Business leaders interested in Franken jobs planby Martin Moylan, Minnesota Public Radio
St. Paul, Minn. — U.S. Sen. Al Franken says the federal government should resurrect a plan the state of Minnesota used to get people back to work a quarter century ago. Franken says his proposal to subsidize wages could put half a million Americans back to work, including 15,000 Minnesotans.
Franken, DFL-Minn., calls the plan "Cash for Jobs," but its formal name is the Strengthening Our Economy Through Employment and Development Act, or SEED Act.
Franken proposes using $5 billion from the Troubled Asset Relief Program to subsidize job creation in the private sector.
"The SEED Act will incentivize rapid job creation by offering small and medium-sized companies, and non-profit companies, a direct wage subsidy to hire new workers and expand their operations," Franken said.
The SEED program is very similar to the approach taken by Minnesota officials in the early 1980s. At the end of back-to-back recessions at that time, the state's unemployment rate reached 9 percent.
Times were tough statewide, and especially on the Iron Range. People needed jobs. And one way the state tried to put people back to work was by giving employers up to a $5 an hour subsidy for hiring the unemployed.
"I think it worked very well back then, and I think it would work again," said Joe Samargia, who was commissioner of the Minnesota Department of Jobs and Training back then.
The jobs program was known as the Minnesota Emergency Employment Development Act, or MEED for short.
The state allocated about $100 million to fund the program from 1983 to 1985. About 30,000 people enrolled in the program. About 15,000 ended up landing permanent unsubsidized jobs through the program during its first two years.
Longer term, Samargia recalls, the kick was greater as the program continued.
"I think in the five or six years that it was in existence, we had like 40,000 people that got jobs," said Samargia.
Forty thousand jobs is about as many jobs as the state added in all of 2005, the year that saw more job growth than any other since 2000.
A report on the MEED program indicates most of the funding went to job subsidies, and only about 5 percent went to administrative costs.
Timothy Bartik, an economist at the W.E. Upjohn Institute in Michigan, has studied job creation programs and he says the MEED program was one of the most cost effective he's seen.
Bartik estimates it cost about $34,000 in current dollars to create a job under the MEED program.
"I think it's worthy of emulation, particularly now," he said.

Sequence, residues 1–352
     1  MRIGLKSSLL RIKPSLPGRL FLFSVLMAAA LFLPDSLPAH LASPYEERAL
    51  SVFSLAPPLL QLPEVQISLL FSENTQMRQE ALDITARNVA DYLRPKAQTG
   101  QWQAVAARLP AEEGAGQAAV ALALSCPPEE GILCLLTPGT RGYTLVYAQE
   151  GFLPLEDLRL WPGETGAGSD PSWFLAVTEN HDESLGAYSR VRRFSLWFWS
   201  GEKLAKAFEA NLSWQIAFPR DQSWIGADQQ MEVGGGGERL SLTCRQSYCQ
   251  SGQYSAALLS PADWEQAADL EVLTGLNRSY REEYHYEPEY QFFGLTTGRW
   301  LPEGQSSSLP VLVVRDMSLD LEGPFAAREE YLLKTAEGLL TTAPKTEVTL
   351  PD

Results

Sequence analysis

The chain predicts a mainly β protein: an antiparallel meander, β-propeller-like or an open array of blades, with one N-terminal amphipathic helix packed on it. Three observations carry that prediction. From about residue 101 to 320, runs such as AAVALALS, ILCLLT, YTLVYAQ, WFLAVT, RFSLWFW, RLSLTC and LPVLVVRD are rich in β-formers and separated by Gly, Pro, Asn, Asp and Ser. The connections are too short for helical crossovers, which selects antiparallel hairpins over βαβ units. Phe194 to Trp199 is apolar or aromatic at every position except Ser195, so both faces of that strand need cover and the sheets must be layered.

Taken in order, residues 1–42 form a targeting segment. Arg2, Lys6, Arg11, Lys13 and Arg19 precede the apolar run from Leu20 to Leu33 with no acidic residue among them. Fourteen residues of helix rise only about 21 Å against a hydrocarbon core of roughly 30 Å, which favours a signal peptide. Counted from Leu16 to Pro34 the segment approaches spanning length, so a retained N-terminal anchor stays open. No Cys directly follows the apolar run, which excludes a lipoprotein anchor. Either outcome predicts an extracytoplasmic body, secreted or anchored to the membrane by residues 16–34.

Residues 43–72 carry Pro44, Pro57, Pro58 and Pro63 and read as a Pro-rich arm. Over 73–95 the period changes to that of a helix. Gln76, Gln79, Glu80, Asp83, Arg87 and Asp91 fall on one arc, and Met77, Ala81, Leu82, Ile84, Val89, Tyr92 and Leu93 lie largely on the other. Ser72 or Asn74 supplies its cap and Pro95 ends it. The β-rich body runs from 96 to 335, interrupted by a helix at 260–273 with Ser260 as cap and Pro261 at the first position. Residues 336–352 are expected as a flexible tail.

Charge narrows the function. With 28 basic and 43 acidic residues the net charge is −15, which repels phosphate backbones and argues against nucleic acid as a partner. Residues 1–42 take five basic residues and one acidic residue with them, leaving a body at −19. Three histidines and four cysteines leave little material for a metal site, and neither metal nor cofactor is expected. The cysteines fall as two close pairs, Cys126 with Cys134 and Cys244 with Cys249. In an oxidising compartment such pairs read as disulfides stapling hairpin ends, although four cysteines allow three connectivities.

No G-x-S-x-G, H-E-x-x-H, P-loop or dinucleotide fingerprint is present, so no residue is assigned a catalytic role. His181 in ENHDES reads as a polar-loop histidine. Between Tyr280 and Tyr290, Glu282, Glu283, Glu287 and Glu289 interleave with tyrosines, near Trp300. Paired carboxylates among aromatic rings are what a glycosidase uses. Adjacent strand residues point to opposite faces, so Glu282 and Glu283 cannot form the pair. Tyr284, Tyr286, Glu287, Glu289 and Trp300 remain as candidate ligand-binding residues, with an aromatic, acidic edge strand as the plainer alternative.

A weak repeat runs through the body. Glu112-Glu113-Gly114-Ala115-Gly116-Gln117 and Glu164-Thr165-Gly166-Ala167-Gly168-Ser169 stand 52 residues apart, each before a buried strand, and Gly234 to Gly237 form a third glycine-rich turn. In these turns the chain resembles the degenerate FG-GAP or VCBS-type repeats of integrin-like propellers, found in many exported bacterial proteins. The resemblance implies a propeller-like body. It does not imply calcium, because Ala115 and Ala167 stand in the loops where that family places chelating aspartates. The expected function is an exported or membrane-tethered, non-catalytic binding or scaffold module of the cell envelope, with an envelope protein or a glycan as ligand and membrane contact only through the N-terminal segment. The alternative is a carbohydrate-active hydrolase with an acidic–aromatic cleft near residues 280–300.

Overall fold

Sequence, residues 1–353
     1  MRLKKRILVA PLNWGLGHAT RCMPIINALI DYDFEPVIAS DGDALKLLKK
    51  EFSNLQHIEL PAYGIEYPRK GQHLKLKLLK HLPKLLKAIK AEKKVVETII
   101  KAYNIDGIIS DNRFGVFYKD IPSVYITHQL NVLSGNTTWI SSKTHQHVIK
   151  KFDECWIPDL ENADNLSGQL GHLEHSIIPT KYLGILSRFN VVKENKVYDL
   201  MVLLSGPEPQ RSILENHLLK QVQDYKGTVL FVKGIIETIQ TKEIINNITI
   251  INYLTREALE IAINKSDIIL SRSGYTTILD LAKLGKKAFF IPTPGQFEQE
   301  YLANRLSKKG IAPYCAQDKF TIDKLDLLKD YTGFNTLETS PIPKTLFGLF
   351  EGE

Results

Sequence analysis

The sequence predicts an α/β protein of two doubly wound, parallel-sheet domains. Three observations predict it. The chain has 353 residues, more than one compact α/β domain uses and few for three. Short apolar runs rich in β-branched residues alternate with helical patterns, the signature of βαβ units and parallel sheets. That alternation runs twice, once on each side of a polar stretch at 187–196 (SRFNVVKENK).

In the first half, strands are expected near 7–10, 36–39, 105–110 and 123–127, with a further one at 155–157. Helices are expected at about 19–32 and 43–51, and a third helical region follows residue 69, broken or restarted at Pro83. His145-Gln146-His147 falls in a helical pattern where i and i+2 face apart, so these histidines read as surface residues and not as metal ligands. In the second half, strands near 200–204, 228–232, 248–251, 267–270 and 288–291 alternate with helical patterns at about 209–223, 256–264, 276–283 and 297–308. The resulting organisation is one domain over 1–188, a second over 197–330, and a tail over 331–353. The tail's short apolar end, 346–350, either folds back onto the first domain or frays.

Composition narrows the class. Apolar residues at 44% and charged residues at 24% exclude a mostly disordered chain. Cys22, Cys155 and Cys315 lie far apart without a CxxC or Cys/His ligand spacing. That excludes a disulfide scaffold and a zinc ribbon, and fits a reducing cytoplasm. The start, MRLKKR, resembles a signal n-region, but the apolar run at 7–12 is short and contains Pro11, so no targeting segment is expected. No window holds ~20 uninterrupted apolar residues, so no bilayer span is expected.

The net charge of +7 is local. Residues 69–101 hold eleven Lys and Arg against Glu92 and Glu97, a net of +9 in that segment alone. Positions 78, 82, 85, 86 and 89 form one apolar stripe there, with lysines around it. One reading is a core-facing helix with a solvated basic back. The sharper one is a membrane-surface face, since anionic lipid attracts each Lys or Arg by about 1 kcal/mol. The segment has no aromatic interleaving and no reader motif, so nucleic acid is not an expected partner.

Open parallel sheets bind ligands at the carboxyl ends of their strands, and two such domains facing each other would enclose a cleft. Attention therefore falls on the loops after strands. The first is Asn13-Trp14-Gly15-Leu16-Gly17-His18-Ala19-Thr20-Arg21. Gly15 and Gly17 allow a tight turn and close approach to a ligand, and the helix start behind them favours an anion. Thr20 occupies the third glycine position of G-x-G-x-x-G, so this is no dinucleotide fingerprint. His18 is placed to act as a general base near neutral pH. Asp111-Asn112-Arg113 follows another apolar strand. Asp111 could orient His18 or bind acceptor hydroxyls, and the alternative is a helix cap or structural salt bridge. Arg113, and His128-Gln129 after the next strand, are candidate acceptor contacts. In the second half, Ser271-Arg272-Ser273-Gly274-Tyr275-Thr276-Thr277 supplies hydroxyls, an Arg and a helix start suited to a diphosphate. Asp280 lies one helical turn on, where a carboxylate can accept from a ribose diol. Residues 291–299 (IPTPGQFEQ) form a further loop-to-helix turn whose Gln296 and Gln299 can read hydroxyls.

Bartik says employers had to do quite a lot under the MEED program. And he says that would be true under Franken's plan, too.
"They have to hire someone who has been unemployed for a certain length of time, and it has to be for a new job. It can't be for a job vacancy. And they also have to retain them for a considerable period of time," said Bartik.
Franken's bill would provide a 50 percent wage subsidy up to $12 per hour. The money would be available only to companies with fewer than 500 employees. Additional subsidies would be available for employers hiring veterans or offering health insurance.
Workers would only qualify for a wage subsidy if they had already exhausted their unemployment insurance payments. In most cases, workers receiving subsidized wages would have to be paid at least $10 an hour.
Leaders of some major business groups say a wage subsidy could spur employers to add jobs.
Mike Gramse, president of the Minnesota Precision Manufacturing Association, says he's concerned about growing federal budget deficits, but he adds, "I think it's probably going to take something like that to kickstart the small businesses and get them going again. Subsidizing payroll will help, I believe."
Other business leaders are more bullish about the Franken bill.
David Radziej, president of the Printing Industry of Minnesota, has no doubts a wage subsidy would encourage companies to consider hiring new workers.
"It certainly would stimulate them to take a look at it," he said. "Absolutely."
Some business leaders say it's critical to coordinate any wage subsidy with broader efforts to revive the economy and restore the confidence of employers. That's the view of Bill Blazar, senior vice president of the Minnesota Chamber of Commerce.
"As appreciative as we are of Sen. Franken's effort to get more people working, we want to ask the question: So, what else are we going to do to make sure once the subsidy ends, the jobs continue?" said Blazar.
A Senate committee hearing date for Franken's bill has not yet been set. A spokeswoman for Franken says the senator believes the wage subsidy plan fits wells with Obama administration proposals to create jobs.
- Morning Edition, 02/03/2010, 6:20 a.m.